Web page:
13 Sep On dressing the spirit – Twin creatives Duduzile and Smangele Mathebula talk ancestry and style
This month, 10and5 brings you a series of conversations featuring five womxn from across southern Africa, centred on topics such as preserving history, culture, self-expression and more. As Heritage Day approaches on 24 September, and evokes further dialogue around culture, this series aims to explore how heritage and tradition is expressed and thought about among a few contemporary womxn in South Africa’s creative community.
Photographs by Madelene Cronje
Smangele and Duduzile Mathebula are creatives, born and raised in Soweto, namely Dobsonville and Meadowlands. Smangele is a literary strategist and behind creative agency Madibookeng. While her twin Duduzile is a fashion designer and owner of label Dear Magic, a “spirit capsule of sustainable and life cycle clothing label”, according to the sisters.
The two also work together on the support and information network for mothers by mothers, called Bomme and have recently started Sukuma Creative, a social enterprise that uses creativity and design to develop products that seek to effect social change and upliftment, especially for women and children. Smangele and Duduzile invited us into their Joburg home to speak on dressing the spirit.
Please, could you tell us about your cultural background.
Smangele: We come from quite a mishmash background. We don’t say we’re Zulu or Pedi or Swati; we’re just as expressive as it’s necessary.
Duduzile: If one has to go into history, a lot people from this tip of the continent are from somewhere else. In essence, we’re all one people, and that gives us a big diverse pot to choose from [when expressing heritage] and culturally interchange.
How would you describe your style?
Smangele: What we wear is comfortable and beautiful but also quite spirited, which symbolises our take on fashion and heritage. It has to feel good internally. These clothes encapsulate our style, which has always been bold and expressive.
Duduzile: It’s linked to the Dear Magic ethos, we aim to dress the spirit. Most of the time there are fads that come in and out, and one has to place where their spirit is. These clothes are mostly free flowing, and really a homage to our Africaness, with deep rooted African elements. Whether it’s the kente from Ghana or the leopard print, which has spiritual symbolism.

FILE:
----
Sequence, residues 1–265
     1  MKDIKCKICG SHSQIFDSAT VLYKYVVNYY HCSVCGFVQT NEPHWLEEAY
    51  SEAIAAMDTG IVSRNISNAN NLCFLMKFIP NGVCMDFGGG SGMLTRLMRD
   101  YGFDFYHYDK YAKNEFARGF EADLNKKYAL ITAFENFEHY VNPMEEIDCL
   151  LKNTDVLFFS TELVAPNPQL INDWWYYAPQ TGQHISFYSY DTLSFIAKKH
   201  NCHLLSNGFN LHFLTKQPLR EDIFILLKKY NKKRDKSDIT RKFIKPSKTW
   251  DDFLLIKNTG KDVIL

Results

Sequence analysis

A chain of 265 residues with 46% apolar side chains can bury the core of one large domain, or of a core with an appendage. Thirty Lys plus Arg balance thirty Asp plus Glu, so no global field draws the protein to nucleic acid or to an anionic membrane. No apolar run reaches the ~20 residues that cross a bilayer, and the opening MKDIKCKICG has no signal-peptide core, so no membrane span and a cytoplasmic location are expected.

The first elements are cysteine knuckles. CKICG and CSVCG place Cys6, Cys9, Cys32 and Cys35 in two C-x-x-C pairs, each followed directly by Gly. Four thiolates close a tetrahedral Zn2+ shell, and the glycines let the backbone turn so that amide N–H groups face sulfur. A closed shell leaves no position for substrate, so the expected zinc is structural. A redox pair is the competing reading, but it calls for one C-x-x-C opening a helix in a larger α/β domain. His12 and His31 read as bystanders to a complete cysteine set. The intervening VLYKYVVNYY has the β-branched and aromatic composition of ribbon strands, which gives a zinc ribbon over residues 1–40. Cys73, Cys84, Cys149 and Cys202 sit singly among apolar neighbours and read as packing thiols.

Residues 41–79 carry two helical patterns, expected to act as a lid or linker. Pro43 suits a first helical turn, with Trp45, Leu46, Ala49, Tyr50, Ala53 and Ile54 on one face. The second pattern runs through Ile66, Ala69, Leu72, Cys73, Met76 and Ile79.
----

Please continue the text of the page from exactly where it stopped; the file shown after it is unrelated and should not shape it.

Is there a specific way you think of expressing heritage through fashion?
Duduzile: It’s not something one thinks about. For us, it’s about acknowledging that you’re African first, then that expression follows. It’s not a forced matter. We acknowledge that there are western influences that come into play but we try to have an element of Africa so that people know who you are and where you come from.
Smangele: There are tangible things about heritage and culture that we see, eat and do. But [expressing heritage] is intangible. It’s something more driven by where we come from, what we’ve experienced and where the spirit is leading us on that day. It’s a marriage of the things that influences who you are instead of pinpointing that to only a region or culture you are from.
What are you wearing today?
Smangele: We’re in a mix of our late mother’s clothes. And some of the clothes my sister makes as part of her label, Dear Magic.
Duduzile: We’re also wearing a top that has a young Mam’ Winnie Mandela on it. For us she’s the original style icon, there is nobody as beautiful as she is. She is considered the Mother of the Nation.
Smangele: Yeah, the Winnie Mandela top was part of a limited collection from Dear Magic. We’re also in Zulu skirts from Kwa Mai Mai Market and Heart Leads the Way shoes. This just shows how to incorporate different things that influence you; who you are whats around you and what you see.
Who are some of your style icons?
Duduzile: Our later mother. If you saw her looks and the way she carried herself and how expressive and comfortable she was … she mostly dressed her spirit than her body, which is what we aim to do. So we listen on the day to what your spirit is saying.
Duduzile: Yep, they’ve always been big on presentation and expression.